I also only send a message to my subscribers when there’s something they’re very, very interested in: a new book, or news that’s equally exciting. I don’t get chatty on my mailing list; I save that for social media. Many authors have success with using a mailing list for regular, more social contact with their readers, and I think that has its place with certain genres…but the hardcore fans of historical fiction tend to be more introverted and introspective as a group, less inclined to engage with an author who’s a constant presence in their lives (or their inboxes.)

What is one unsuccessful promotion tactic that you’d never try again?

— I recently tried boosting a post on Facebook just to see what would happen. The answer: not much at all. I wasn’t impressed. Glad I only put $20 into that experiment!

Do you have any advice on how to get more reviews for your books?


I know it sounds like a flippant answer, but it’s really not. If you’re writing truly memorable books — books that lodge into a reader’s heart and mind — they’ll want to tell other people about your work. They won’t be able to stop themselves! A good portion of those readers will do it by writing reviews, but others will do it in other ways, too, which are equally effective at driving new readers to your door.

If you want to do something in the unobtrusive, low-key Libbie Hawker style, you can include a brief note in the back of your ebook asking readers to take a moment to write a review if they enjoyed the book. Leave a link so it’s nice and simple for them.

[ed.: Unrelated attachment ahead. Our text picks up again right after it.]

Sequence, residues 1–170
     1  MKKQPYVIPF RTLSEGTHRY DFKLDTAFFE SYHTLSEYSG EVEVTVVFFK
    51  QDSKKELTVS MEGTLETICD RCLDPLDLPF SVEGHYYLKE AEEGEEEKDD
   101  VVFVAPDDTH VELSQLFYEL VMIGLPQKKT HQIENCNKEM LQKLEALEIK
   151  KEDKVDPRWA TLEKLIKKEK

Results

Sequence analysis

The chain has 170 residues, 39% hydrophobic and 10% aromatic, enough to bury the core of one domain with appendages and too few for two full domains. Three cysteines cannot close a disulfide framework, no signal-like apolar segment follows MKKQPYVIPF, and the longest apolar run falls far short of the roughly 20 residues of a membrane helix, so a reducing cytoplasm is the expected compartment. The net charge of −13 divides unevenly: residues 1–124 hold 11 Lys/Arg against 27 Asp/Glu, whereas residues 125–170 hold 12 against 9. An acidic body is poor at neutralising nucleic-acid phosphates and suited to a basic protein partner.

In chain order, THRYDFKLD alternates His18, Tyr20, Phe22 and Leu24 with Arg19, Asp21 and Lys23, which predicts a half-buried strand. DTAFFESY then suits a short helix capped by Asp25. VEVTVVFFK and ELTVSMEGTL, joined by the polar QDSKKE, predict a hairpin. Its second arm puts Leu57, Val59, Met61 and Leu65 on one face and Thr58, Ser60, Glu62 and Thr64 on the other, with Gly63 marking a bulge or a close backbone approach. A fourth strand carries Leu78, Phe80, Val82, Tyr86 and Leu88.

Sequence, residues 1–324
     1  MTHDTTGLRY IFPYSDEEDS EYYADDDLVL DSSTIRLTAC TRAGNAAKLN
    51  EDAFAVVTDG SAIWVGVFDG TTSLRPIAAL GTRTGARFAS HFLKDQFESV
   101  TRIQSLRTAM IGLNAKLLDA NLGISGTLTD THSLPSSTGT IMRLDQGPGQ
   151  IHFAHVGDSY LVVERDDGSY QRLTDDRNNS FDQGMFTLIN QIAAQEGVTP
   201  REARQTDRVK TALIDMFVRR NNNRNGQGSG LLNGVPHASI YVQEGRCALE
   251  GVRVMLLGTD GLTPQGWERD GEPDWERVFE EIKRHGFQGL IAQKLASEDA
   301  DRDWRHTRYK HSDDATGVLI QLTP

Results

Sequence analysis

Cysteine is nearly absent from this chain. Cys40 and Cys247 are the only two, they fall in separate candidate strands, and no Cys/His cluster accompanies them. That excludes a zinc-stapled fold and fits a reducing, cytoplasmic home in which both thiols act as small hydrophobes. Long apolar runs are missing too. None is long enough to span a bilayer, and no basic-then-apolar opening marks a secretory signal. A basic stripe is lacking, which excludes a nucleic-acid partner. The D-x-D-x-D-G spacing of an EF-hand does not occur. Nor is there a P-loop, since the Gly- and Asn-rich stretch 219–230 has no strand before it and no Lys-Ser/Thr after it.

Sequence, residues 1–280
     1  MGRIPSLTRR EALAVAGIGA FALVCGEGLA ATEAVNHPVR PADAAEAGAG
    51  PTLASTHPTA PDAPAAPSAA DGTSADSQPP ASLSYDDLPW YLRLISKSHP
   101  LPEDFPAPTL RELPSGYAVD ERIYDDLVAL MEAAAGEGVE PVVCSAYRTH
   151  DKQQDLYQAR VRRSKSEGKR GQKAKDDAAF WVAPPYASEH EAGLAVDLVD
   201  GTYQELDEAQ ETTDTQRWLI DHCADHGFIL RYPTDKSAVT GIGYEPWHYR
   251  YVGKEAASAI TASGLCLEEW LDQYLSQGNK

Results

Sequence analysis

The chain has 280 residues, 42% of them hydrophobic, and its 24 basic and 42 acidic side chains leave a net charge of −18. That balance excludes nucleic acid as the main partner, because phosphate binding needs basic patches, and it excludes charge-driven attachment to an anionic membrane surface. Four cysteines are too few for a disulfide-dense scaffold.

But you can’t get around the necessity of writing good books. It has to start with a story that lodges in a reader’s psyche and then won’t get out. Nothing you can contrive will make a reader want to review your book if they’ve forgotten it moments after finishing it…or if they don’t want to finish it at all.

What do you know about self publishing now that you wish you knew when you first started out?

— Series. Series sell. It doesn’t mean the only thing you ever have to write is series, but if you can get a series out there early on, it will make the business a lot easier on you.

How has Free worked for you, and do you have more plans to incorporate free stories into your marketing plan in the future?

— I’ve had some good times with brief flurries of Freeness. Combined with a BookBub ad, it’s frankly awesome. I tried Permafree on the first in my series recently and liked the results. Then I went to 99 cents just to see how it was different (if at all.) Sales were a little better at Free. I went back to full price with that book just today, to compare full price to free.

I LOVE the flexibility to experiment and compare in this way. Flexibility and the speed with which indies can change direction and try new tactics is SO important to success as an author in today’s world. It would take a very huge publishing contract indeed to induce me to give up just the ability to change my prices whenever I want to, let alone all the other perks and power that come from self-publishing.